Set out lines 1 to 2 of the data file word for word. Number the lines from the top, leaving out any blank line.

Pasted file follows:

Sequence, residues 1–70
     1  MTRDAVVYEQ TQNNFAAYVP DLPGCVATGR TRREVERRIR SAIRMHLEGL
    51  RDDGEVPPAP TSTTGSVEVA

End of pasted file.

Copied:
Sequence, residues 1–70
     1  MTRDAVVYEQ TQNNFAAYVP DLPGCVATGR TRREVERRIR SAIRMHLEGL